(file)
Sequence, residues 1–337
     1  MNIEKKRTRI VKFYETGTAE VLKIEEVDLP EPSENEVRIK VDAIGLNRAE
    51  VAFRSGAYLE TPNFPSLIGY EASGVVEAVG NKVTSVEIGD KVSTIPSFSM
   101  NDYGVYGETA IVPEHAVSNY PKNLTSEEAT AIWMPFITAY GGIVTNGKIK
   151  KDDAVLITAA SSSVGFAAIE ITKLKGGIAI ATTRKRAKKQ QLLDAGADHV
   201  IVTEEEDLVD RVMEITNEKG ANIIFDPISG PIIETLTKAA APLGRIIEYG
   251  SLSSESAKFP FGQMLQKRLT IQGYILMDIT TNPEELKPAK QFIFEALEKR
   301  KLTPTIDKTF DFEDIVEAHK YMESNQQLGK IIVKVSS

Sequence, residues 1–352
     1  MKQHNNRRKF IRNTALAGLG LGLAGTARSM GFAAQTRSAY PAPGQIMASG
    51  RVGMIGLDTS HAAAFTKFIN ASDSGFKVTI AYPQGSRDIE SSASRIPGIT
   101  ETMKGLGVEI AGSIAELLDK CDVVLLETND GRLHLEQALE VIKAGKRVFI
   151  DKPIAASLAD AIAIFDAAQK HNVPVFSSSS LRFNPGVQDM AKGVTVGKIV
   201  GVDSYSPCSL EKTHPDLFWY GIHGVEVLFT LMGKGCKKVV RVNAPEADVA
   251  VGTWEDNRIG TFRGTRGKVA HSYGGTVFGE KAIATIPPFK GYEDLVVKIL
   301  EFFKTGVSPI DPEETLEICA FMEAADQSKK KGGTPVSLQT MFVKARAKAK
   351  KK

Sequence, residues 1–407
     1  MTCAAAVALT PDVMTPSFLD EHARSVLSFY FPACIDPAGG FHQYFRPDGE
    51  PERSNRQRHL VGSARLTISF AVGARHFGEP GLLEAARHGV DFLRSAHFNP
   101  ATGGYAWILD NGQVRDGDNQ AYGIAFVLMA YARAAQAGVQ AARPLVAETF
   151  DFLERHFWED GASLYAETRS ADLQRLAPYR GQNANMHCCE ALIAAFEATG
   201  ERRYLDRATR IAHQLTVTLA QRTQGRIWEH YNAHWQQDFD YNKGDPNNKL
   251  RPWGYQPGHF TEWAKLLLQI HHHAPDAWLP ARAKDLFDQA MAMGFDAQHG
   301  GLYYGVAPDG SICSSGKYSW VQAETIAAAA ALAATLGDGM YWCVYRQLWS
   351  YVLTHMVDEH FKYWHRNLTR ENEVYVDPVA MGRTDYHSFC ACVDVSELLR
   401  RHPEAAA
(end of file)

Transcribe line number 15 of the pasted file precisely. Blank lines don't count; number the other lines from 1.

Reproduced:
   251  VGTWEDNRIG TFRGTRGKVA HSYGGTVFGE KAIATIPPFK GYEDLVVKIL